I had to create a small personal website. As a big fan of the Jamstack, I like to use a static website generator like next.js, gatsby or hugo. Before I typically deployed this generated website on Azure Blob storage as a really cheap way to host a static website. But with the introduction of Azure Static Web Apps, it is time to give them a try…
Create a Gatsby static website
There is a large list of available website generators, but as I like GraphQL a lot, I decided to use Gatsby.
First install the gatsby cli:
npm install -g gatsby-cli
Now you can create a new website on your local machine using one of the available themes:
npx gatsby new example-app https://github.com/LekoArts/gatsby-starter-portfolio-cara
Store the website on Github
We need to store the code of our static website somewhere. This could be a Git repo on Azure DevOps, Github or any other Git enabled repository.
We’ll use Github in this example.
Create a new Github repository at https://github.com/new. Choose a repository name but don’t create a README.md or .gitignore file.
Open a command prompt and go to the website folder on your local machine ( example-app in my example).
Add the newly created Github repo as a remote origin:
git remote add origin https://github.com/
Let's push our code to the Github repo
git branch -M main
git push --set-upstream origin main
Create an Azure Static Web App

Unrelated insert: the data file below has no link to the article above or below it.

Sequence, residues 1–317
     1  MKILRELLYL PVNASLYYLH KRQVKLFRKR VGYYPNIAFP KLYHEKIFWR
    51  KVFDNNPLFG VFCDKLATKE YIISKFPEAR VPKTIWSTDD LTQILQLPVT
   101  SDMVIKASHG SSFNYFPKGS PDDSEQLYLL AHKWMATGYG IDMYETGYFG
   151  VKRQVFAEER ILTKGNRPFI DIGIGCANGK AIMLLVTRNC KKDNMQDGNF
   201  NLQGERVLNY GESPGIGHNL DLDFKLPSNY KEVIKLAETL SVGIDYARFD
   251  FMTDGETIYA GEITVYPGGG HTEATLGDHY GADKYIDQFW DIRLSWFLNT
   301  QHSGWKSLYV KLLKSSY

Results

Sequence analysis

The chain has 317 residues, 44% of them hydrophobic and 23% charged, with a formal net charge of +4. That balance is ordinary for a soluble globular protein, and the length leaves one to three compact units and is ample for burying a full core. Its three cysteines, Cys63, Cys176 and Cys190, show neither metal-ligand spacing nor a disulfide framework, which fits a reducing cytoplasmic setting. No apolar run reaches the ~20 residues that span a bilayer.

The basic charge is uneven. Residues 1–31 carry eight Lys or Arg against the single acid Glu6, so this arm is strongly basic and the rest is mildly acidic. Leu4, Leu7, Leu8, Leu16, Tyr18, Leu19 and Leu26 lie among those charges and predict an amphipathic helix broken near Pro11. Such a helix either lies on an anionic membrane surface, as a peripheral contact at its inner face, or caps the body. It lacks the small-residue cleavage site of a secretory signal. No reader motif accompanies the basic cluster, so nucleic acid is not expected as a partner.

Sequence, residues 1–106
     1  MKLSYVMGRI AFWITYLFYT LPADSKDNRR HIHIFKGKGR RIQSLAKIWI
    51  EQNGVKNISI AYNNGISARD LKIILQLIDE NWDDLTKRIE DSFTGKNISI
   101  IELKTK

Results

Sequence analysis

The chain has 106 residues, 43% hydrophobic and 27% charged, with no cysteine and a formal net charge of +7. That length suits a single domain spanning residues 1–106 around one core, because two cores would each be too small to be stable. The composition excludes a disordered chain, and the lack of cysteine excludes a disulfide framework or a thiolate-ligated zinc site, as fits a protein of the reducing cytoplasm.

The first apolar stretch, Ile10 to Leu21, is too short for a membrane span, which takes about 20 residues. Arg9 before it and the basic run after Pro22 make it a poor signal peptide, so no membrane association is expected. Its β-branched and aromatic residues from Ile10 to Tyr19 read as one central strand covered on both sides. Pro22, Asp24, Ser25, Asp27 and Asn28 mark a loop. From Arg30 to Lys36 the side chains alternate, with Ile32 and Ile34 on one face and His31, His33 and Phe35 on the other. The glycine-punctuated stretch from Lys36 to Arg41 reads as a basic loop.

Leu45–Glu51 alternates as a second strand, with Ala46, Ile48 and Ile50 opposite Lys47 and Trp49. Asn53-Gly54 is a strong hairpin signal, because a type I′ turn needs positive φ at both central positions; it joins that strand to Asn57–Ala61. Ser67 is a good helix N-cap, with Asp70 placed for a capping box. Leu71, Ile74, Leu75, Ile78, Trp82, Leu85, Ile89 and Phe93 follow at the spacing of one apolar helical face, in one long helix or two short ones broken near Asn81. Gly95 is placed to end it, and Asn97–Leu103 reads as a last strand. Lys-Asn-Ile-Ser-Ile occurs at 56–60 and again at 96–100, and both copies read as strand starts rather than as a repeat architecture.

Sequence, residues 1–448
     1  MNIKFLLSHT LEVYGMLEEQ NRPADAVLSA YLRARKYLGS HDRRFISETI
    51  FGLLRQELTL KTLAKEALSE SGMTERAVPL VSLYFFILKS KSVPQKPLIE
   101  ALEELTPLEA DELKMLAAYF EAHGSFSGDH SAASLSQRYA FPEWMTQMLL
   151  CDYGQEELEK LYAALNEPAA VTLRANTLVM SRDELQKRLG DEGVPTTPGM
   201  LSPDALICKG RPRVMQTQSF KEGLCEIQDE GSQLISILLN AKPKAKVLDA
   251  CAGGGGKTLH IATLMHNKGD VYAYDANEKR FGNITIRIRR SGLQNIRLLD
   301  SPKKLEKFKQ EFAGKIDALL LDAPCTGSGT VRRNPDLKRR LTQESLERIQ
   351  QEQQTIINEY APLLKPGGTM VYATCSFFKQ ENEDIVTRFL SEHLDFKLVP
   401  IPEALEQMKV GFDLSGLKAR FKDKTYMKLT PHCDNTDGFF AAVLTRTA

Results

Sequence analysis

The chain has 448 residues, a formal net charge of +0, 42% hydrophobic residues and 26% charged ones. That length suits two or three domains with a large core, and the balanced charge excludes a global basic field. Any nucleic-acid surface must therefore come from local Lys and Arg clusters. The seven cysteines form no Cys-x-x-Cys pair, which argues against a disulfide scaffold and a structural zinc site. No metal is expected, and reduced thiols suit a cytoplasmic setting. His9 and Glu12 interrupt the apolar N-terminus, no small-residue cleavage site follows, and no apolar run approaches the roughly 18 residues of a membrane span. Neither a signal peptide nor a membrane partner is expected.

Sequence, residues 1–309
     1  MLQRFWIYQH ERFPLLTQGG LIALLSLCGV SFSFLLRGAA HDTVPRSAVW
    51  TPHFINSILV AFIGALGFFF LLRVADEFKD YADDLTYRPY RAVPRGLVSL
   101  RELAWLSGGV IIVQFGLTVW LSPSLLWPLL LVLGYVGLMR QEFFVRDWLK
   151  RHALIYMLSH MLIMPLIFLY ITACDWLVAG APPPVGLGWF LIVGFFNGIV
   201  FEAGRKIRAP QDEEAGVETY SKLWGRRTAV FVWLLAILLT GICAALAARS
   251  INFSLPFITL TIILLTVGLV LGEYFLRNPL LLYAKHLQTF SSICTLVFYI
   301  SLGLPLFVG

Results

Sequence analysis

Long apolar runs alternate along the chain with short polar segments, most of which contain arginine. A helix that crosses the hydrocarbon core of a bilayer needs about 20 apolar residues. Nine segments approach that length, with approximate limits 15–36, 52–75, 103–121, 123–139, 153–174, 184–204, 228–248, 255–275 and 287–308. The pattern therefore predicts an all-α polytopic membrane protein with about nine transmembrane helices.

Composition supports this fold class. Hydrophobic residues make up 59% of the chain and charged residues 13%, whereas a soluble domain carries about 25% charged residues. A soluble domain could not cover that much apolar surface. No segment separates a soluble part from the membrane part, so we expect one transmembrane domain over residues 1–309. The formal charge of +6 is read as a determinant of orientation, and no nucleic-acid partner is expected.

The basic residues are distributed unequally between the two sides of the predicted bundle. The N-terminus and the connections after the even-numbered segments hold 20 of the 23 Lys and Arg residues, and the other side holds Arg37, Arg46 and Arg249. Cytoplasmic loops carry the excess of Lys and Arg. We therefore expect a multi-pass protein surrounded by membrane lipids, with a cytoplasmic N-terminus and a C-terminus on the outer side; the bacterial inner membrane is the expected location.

Almost there! We have finally arrived at the Azure part.
Go to the Azure portal at https://portal.azure.com. Click on ‘Create a resource’ at the top.
In the search field enter ‘Static Web App’ and hit <enter>. You’ll arrive at the following screen:
Click Create. Now you arrive at the creation screen where you have to enter a lot of details. Select a subscription and resource group and enter a name for your static web app. We choose the free tier and a region close to us.
As a last step we choose Github as our source. Now we need to authenticate with Github. Therefore click on Signin with Github to login with our Github credentials.
Click on Authorize Azure-App-Service-Static-Web-Apps to grant the necessary permissions to Azure to manipulate our Github repo.
Now we need the Github repository and branch that should be used.
As a last step we can select the Gatsby presets from the Build Presets menu. This will create a default Github Actions workflow for us.
Now click on Review+Create and Create to create our Azure Static Web App.
If you browse to the generated website, you will probably see something like this:
This is because Github Actions still need to deploy and generate the static web app.
Once the Github Actions workflow completes, our Gatsby site is there in all it’s glory:
More information: https://docs.microsoft.com/en-us/azure/static-web-apps/